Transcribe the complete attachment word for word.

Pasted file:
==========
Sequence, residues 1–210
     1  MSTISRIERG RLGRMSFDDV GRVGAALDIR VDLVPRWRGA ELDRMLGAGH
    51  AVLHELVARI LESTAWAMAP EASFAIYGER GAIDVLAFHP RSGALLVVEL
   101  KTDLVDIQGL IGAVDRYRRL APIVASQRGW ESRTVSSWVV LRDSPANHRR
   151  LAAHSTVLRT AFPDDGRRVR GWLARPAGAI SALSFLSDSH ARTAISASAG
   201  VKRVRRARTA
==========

Sequence, residues 1–210
     1  MSTISRIERG RLGRMSFDDV GRVGAALDIR VDLVPRWRGA ELDRMLGAGH
    51  AVLHELVARI LESTAWAMAP EASFAIYGER GAIDVLAFHP RSGALLVVEL
   101  KTDLVDIQGL IGAVDRYRRL APIVASQRGW ESRTVSSWVV LRDSPANHRR
   151  LAAHSTVLRT AFPDDGRRVR GWLARPAGAI SALSFLSDSH ARTAISASAG
   201  VKRVRRARTA